The patient and her family were counseled not only on the basics of her disease, as it was not known to cause any symptomatic disease in known family members, but also the long-term sequelae and comorbidities of GD; the genetic tests that would be performed; the frequency of additional future testing; and the burden of management with ERT. Her family was counseled further on the autosomal recessive genetic component of her disease and the impact this might have on future family planning.
As both parents were carriers for a pathogenic allele, their future offspring had a 1 in 4 chance of having the disease.9 Additionally, as patients with type 1 GD can have very different phenotypes even with the same genotype, clinicians discussed with the parents the utility of performing genetic testing for the mutations for the patient’s 3 sisters.
Gaucher disease presents similarly to malignancy in many cases, as seen with the patient in this case. Common presenting symptoms include hepatomegaly and/or splenomegaly, bone marrow suppression, bleeding, and bone pain.9,10 It should be included in the differential diagnosis for a patient presenting with symptoms such that clinicians might be considering leukemia as a potential diagnosis.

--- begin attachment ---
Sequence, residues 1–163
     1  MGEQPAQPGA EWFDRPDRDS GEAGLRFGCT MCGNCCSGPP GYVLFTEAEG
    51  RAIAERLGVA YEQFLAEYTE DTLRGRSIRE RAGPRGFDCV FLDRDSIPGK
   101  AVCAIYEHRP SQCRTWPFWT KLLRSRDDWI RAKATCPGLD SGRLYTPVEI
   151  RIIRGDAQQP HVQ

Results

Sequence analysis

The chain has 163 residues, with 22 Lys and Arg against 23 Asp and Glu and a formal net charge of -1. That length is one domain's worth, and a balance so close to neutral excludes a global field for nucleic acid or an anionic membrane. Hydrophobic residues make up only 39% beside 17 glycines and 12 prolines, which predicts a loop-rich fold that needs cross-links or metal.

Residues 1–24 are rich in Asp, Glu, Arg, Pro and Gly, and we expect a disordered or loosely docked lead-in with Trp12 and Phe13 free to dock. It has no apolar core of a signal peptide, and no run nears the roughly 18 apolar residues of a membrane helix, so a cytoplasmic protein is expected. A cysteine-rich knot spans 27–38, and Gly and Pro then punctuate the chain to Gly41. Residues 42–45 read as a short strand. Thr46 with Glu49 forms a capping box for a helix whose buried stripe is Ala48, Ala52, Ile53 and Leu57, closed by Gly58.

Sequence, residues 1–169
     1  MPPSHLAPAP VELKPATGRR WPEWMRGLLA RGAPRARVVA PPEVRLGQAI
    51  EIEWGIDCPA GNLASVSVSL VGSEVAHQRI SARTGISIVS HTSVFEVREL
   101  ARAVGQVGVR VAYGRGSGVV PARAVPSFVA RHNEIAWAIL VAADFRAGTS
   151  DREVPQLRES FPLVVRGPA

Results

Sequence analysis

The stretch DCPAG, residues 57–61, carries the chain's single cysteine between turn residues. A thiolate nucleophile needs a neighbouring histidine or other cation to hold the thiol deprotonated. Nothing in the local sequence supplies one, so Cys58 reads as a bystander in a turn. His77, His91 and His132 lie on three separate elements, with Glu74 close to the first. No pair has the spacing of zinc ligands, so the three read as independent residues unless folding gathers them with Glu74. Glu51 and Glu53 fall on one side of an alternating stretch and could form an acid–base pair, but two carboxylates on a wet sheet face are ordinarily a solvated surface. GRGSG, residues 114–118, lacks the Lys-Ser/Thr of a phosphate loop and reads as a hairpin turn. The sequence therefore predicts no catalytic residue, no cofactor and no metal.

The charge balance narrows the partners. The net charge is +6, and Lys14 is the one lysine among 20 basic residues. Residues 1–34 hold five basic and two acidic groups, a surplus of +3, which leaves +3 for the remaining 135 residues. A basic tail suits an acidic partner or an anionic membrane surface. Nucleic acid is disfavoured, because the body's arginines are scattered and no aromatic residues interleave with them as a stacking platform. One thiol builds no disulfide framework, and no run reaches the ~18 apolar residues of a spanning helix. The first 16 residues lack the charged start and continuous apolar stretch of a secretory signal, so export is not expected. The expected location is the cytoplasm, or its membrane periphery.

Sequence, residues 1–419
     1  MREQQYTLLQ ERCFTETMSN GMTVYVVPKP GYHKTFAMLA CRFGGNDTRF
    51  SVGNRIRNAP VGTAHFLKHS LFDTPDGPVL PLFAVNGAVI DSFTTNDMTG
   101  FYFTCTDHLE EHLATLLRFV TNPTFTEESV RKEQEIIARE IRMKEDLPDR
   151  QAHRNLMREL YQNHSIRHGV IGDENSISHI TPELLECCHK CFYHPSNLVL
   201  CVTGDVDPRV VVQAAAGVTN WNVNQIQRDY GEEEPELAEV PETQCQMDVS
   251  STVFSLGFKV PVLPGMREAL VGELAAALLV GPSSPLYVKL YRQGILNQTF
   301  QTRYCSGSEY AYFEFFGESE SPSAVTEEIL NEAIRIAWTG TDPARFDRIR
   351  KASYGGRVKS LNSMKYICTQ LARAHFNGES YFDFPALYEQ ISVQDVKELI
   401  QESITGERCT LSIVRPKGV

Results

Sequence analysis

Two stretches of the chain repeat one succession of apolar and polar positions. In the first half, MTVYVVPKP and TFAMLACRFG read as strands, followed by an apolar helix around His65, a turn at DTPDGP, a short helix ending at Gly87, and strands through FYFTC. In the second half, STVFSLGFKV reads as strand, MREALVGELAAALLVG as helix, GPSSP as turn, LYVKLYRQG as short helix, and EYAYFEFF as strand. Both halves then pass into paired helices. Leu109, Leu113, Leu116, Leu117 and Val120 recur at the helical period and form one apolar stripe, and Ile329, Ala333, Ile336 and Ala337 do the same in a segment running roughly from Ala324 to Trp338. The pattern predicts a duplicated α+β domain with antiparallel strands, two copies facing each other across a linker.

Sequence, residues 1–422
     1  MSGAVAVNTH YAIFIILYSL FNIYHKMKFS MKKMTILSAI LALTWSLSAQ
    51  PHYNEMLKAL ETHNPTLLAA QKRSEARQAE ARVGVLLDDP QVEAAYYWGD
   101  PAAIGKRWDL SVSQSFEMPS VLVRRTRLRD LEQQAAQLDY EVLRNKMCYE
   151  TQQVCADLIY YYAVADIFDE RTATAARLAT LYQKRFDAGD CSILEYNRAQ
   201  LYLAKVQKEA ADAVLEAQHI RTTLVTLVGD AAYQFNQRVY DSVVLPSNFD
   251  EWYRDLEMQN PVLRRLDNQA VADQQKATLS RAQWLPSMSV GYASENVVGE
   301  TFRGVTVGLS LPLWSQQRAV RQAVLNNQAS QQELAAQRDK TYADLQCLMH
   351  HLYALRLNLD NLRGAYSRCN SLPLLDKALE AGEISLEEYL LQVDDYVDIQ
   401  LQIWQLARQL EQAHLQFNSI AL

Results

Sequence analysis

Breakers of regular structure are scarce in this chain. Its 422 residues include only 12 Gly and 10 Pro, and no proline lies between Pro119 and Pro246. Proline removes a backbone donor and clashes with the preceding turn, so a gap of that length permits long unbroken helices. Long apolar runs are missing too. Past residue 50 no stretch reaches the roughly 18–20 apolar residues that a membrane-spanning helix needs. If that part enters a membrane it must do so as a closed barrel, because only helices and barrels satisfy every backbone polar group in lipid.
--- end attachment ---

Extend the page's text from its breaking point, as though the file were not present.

1. Pine M, Walter AW. Pancytopenia in hospitalized children: a five-year review. J Pediatr Hematol Oncol. 2010;32(5):e192-e194.
2. Rafee Y, Xavier A, Antoine M, Borkin M, Rongkavilit C. An infant with fever, hepatosplenomegaly, and pancytopenia. Pediatr Infect Dis J. 2008;27(6):571.
3. Mirrakhimov AE, Voore P, Khan M, Ali AM. Tumor lysis syndrome: a clinical review. World J Crit Care Med. 2015;4(2):130-138.
4. Desalphine M, Bagga PK, Gupta PK, Kataria AS. To evaluate the role of bone marrow aspiration and bone marrow biopsy in pancytopenia. J Clin Diagn Res. 2014;8(11):FC11-FC15.
5. Memon S, Shaikh S, Nizamani MA. Etiological spectrum of pancytopenia based on bone marrow examination in children. J Coll Physicians Surg Pak. 2008;18(3):163-167.
6. Lieberman J Beutler E. Elevation of serum angiotensin-converting enzyme in Gaucher’s disease. N Engl J Med. 1976;294(26):1442-1444.
7. Carrington PA, Stevens RF, Lendon M. Pseudo-Gaucher cells. J Clin Pathol. 1992;45(4):360.
8. Knox-Macaulay H, Bhusnurmath S, Alwaily A. Pseudo-Gaucher’s cells in association with common acute lymphoblastic leukemia. South Med J. 1997;90(1):69-71.
9. Stirnemann J, Belmatouq N, Camou F, et al. A review of Gaucher disease pathophysiology, clinical presentation, and treatments. Int J Mol Sci. 2017;18(2):E441.
10. Bennet t LL, Mohan D. Gaucher disease and its treatment options. Ann Pharmacother. 2013;47(9):1182-1193.